Tesla's Gigafactory Is Already Dominating EV Battery Production
Gigafactory 1 is producing more batteries for electric cars than any other manufacturer, and it's not even fully built.
When you think of an electric car, what vehicle comes to mind? Five years ago, answer may have been the Toyota Prius or Honda Insight, but today, the pièce de résistance of the battery powered car world is Tesla. Being the one of the best selling electric car manufacturers isn't always just cut and dry—you need the production to back that up. This is where Tesla's Gigafactory comes in, an overly ambitious project which is now responsible for producing the most electric car batteries in the entire world.
The Nevada-based plant is set to become the largest building by overall square-foot area. Currently, only around 30 percent of the building is finished, occupying 1.9 million square feet per level. In its footprint, Tesla will bring more capacity for stored energy that we currently have a use for. Though still under construction, Tesla currently manufacturers a great deal of its batteries within the confines of its walls—including the batteries used for Tesla's Powerpack and Powerwall, as well as Tesla's newest addition to its fleet: the Model 3.
In a conference call with Goldman Sachs yesterday, Tesla CEO Elon Musk confirmed that Tesla is currently producing more battery capacity in its unfinished factory than any one single plant elsewhere in the world, according to Electrek. This huge accomplishment is occurring in only one of its proposed plants, meaning that as the company grows and continues to build additional Gigafactories, it will produce even more storage solutions to increase the limit exponentially.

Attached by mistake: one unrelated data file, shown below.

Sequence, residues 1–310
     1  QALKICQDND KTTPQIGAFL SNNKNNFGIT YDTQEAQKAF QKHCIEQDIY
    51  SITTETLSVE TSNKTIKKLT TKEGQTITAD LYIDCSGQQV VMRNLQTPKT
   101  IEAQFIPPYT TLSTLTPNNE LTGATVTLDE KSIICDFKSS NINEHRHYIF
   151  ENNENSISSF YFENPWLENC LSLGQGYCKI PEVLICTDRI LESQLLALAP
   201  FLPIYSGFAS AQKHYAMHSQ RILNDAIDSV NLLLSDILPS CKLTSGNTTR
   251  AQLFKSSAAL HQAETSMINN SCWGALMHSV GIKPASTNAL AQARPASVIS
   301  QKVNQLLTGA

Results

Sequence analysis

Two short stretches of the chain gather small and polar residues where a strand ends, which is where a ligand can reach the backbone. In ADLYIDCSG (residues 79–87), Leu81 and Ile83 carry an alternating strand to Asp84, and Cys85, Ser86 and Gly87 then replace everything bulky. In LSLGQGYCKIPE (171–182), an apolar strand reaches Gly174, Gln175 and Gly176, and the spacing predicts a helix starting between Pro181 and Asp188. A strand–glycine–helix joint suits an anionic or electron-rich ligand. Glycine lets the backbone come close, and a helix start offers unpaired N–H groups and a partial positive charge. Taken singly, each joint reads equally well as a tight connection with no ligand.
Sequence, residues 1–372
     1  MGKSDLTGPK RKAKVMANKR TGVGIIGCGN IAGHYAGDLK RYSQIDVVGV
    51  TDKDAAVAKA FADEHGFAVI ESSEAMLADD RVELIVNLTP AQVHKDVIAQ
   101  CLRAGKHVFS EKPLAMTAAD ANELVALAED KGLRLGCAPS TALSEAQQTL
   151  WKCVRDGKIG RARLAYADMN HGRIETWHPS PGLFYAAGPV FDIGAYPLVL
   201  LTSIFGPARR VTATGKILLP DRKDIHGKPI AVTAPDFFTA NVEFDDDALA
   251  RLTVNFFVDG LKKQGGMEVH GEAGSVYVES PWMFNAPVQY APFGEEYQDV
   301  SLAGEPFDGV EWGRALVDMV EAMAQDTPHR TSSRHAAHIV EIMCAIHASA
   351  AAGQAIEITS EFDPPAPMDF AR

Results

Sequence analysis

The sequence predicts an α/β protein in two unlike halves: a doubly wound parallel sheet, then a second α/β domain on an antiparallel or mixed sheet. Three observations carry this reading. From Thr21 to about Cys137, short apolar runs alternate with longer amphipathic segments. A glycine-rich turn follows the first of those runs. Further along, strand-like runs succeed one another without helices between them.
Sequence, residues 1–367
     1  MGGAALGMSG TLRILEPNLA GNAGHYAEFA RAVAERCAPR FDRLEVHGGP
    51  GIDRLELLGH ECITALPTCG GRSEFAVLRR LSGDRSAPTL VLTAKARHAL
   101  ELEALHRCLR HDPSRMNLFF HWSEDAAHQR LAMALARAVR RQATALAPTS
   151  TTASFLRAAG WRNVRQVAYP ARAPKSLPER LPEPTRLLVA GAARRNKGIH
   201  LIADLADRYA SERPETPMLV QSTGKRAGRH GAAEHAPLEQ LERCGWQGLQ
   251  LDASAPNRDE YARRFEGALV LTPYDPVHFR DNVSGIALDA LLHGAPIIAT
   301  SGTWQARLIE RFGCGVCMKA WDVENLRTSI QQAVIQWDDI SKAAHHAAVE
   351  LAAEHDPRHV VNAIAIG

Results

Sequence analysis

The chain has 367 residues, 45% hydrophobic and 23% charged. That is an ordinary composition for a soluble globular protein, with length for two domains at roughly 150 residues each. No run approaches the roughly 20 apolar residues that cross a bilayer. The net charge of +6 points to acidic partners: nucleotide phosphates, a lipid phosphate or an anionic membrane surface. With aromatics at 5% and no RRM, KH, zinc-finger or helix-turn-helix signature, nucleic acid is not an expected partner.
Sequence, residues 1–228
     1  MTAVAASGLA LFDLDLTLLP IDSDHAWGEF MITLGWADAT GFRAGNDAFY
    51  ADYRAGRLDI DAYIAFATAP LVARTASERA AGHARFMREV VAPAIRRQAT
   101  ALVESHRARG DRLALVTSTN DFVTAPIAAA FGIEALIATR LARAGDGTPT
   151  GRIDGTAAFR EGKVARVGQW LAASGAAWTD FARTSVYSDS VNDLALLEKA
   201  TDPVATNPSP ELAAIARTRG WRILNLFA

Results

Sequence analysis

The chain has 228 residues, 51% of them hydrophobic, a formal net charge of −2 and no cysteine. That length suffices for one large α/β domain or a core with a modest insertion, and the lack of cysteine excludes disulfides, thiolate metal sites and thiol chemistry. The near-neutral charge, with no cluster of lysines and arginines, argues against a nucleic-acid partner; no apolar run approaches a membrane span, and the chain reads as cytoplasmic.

Currently, Tesla is producing its new 2170 battery cell in the Gigafactory. This cell will be used in the Model 3 as an alternative to the 18650 cells found in the Model S and Model X. Musk has previously stated that the shotgun shell sized is not only the best (most efficient?), but is also the cheapest cell to be produced, undercutting the competition. As of now, the cost to produce the 2170 cells are slightly higher, but as production and demand for the Model 3 grows, the cost will be greatly reduced.
It is unclear if Tesla plans to utilize its batteries just for itself, or if it plans to scale its capacity to also become an OEM supplier of batteries. Regardless of future plans, Tesla has already accomplished affordable and efficient production of lithium ion based storage, something which may be short-lived. Tesla might want to begin looking into taking a page from the books of Toyota and Fisker to begin research on a graphene-based solid state battery.